I'm with you again!
WMNR is what gets listened to most around here but their signal is awful. It's processed like WPLJ,
circa 1978. Why???? I can't listen to classical music that way, but NPR talk stuff is OK because
it's usually on in the background. Their jazz shows are usually less interesting than my own
collection, so I don't listen much. I tried recording "Riverwalk Jazz" from their broadcast for a
while but found -- believe it or not -- I get more acceptable sound quality by streaming their
highish-resolution WMA webcast, processing it in my console (adjust EQ to take out some of the
digi-harshness and make it a little more lively) and recording it onto CD.
As for phone patches, back when phones were made by WECO and phone lines weren't going over the
Internet to save money, sound quality was much better. As you probably know, most old radio network
programs went to the local station over phone lines (albeit dedicated and high quality patches). My
own pet peeve is a news broadcast where they're talking to someone on a satellite phone. The
information is so inaudible as to be not worth hearing live. Why not have a producer get the salient
details and then read them over the air? Videophones are one step worse, but cable news channels are
the bottom dwellers in the brackish pond of broadcast journalism.
Cellphones have introduced a whole new level of inaudibility to phone conversations. I try to avoid
them whenever possible.
-- Tom Fine
----- Original Message -----
From: "David Lennick" <[log in to unmask]>
To: <[log in to unmask]>
Sent: Saturday, July 15, 2006 11:13 AM
Subject: Re: [ARSCLIST] Classical Radio, was [ARSCLIST] Mercury co-founder Irving Green passes
>I think I'd said compression at some point in the discussion but used limiter later on, but
> is what I meant. And this particular station is a public one, not owned by a big bad fat cat
> so someone there should be receptive to listener input..the fact that they keep airing older
> performances and not getting their heads handed to them could indicate that nobody's listening or
> their audience is brain dead. This wasn't a concert program (although the Concertgebouw broadcasts
> have their share of ghastly sounding transfers from old recordings), it was a commercial CD
> programmed and aired at 6:40 in the evening. Ever heard the phrase "tune-out factor"?
> The other thing I'll ban forever from the airwaves when I take over the world* is anything derived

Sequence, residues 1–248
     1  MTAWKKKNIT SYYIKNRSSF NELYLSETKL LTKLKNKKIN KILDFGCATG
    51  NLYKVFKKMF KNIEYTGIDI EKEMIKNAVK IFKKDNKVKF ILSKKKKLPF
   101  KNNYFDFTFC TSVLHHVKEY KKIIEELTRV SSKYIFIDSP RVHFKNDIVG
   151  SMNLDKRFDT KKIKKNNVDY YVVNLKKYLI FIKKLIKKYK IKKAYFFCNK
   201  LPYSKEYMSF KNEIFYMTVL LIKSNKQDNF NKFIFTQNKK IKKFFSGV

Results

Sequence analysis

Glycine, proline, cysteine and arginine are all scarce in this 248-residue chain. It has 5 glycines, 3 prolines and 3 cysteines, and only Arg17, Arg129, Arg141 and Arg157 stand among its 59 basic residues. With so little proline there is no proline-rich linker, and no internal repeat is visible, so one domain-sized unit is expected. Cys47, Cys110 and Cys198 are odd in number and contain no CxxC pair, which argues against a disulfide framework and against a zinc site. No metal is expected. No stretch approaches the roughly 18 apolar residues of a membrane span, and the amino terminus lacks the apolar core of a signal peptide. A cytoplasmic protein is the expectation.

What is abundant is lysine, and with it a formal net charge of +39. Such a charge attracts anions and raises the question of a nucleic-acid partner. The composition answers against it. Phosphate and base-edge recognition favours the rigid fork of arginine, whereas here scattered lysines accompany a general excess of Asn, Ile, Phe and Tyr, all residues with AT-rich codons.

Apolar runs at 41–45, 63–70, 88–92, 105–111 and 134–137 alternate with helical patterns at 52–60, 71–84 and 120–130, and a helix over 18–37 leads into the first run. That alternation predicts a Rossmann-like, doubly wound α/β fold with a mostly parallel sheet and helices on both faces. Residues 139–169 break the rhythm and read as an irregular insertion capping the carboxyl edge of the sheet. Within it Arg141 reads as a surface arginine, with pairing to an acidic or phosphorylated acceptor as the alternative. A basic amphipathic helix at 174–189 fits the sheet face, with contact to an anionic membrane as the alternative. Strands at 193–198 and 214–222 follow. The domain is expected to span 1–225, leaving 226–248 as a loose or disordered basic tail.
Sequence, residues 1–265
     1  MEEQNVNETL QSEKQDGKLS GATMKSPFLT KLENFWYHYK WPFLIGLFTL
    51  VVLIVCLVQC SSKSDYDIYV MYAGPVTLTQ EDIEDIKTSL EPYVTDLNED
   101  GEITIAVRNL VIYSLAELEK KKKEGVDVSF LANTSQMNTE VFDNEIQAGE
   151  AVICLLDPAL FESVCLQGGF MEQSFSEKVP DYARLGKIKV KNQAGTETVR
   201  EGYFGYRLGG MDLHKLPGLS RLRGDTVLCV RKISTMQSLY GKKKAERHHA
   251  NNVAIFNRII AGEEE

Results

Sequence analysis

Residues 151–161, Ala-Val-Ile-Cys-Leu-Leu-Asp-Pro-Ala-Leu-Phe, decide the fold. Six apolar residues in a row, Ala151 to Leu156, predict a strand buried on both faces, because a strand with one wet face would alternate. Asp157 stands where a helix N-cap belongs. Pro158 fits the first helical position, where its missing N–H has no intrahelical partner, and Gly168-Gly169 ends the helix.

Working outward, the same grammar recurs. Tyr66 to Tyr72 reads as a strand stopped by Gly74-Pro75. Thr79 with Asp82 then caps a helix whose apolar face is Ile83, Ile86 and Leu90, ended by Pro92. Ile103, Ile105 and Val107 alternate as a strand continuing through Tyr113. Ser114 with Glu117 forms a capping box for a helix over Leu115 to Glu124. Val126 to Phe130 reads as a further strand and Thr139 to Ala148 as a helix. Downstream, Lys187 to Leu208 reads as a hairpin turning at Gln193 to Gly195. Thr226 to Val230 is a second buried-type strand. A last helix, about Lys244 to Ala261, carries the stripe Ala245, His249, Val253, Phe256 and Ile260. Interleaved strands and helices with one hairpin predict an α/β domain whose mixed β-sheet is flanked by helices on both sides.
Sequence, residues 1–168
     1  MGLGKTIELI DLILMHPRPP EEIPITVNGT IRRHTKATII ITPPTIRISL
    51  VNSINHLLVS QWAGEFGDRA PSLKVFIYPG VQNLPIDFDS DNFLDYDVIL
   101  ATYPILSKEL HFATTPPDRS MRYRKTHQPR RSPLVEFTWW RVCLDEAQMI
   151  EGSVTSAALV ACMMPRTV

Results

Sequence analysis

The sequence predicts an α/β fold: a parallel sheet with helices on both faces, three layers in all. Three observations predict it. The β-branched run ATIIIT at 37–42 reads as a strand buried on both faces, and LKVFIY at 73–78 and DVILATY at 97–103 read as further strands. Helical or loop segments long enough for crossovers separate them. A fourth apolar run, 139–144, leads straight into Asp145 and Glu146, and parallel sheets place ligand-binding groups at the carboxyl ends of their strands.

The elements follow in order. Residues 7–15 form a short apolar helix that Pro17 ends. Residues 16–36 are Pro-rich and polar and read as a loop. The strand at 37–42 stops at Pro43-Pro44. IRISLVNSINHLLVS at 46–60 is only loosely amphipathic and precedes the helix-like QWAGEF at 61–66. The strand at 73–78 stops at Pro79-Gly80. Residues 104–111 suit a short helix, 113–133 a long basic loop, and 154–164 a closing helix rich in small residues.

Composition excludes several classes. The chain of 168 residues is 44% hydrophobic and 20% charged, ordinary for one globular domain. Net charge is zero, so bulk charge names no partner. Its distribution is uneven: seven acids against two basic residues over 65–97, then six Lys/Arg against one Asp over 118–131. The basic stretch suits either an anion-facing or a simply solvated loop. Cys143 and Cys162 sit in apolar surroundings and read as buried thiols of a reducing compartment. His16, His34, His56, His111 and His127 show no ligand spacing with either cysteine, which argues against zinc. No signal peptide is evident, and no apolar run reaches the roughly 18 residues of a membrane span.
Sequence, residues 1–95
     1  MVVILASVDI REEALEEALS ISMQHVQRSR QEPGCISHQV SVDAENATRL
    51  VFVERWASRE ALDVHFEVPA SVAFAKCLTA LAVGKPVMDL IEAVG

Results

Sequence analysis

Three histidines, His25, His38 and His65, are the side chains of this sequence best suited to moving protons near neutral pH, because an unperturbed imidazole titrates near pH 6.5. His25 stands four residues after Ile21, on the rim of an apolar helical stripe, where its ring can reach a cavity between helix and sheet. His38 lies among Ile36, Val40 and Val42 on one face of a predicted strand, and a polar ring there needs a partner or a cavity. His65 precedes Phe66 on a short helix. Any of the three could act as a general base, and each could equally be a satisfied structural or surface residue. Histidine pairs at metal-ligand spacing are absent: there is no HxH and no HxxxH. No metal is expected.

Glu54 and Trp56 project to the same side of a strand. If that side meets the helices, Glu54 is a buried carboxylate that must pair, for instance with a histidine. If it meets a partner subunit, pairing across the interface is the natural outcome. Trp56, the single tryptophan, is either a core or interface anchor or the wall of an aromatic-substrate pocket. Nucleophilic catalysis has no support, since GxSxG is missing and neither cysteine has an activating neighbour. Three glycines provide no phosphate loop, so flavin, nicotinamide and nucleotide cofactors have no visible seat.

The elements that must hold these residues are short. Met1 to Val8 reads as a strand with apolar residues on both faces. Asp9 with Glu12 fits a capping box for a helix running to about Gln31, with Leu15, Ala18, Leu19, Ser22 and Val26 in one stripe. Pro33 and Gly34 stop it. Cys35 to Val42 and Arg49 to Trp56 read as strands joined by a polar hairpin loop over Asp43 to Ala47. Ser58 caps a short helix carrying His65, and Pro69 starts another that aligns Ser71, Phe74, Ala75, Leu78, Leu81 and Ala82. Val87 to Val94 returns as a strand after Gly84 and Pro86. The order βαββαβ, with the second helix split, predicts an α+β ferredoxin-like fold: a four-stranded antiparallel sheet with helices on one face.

> a telephone call. No contest winners, no requests, no listener comments....obits and emergency
> should be the only telephone material broadcast.
> * And the Meditation from Thais.
> Tom Fine wrote:
>> Hi David:
>> I think you're talking about compression, not limiting. Compression -- the bane of commercial
>> radio -- brings up what should be low-volume stuff like surface noise, rumble and tape hiss to
>> intolerable levels, until it smacks down levels any time a peak comes along. End fidelity is
>> than a bad cellphone. Hard limiting, which used to be more the norm of broadcasters, prevents
>> exceeding FCC standards for the signal. Something like a classical station should stick to hard
>> limiting, and set levels so it's used sparingly. Back in the OTR days, broadcasters would use
>> tasteful amounts of compression (really, more driving the system and then having a limiter at the
>> end so effective dynamic range was compressed from the harder-driven minimum to the limited
>> to make voices and effects more intelligable. This also worked with live music in many cases,
>> because true technical professionals were running the equipment and didn't push anything over
>> reasonable levels. This pumping, super-compression came later -- I think it probably traces to
>> album-oriented-rock stations and was then taken to insane extremes by just about all formats.
>> Someone sold the FM crowd a bill of goods that this "improves" the signal and "louder is better"
>> because people gravitate toward the loudest thing on their dial. This is debatable and Robert
>> has a very good white paper online about why super-compression going into his FM processor is a
>> bad thing. But, the crunch-meisters seem to have won this debate for now. I can't stand most new
>> music because of this, aside from the fact that I find a lot of it talentless crap. And the
>> super-crunchers have even invaded the jazz arena, with some truly terrible remasters put out in
>> recent times. Hint to mastering engineers -- just because you have a new digi-compressor toy
>> mean it's appropriate to older music formats and recordings. What I consider a very good blend of
>> being truthful to the old tapes and yet adding some improvements through modern technology are
>> Malcolm Addey and Ellen Fitton do with Mosaic's recent box sets. They're able to take a variety
>> tapes made at a variety of times and places in a variety of conditions and craft enough of a
>> sound that the box holds together and levels are consistent. But, each session's unique
>> shine through and they're not heavy-handed to try and "fix" technical or acoustic conditions of
>> original sessions to suit modern tastes. Some specific examples are the new Dizzy Gillespie box
>> the Johnny Hodges set from a couple of years ago and the Count Basie Verve set. Also all of the
>> great "singles" album reissues. Special kudos to reissuing "The Brothers" sax-fest and "JJ" by JJ
>> Johnson. Since I wore those records out a long time ago, I was thrilled to have better-sounding
>> to play.
>> Anyway, bottom line is I totally agree with David -- modern FM processing techniques are totally
>> inappropriate for older music recordings. Our words fall on totally deaf mega-glomerate ears,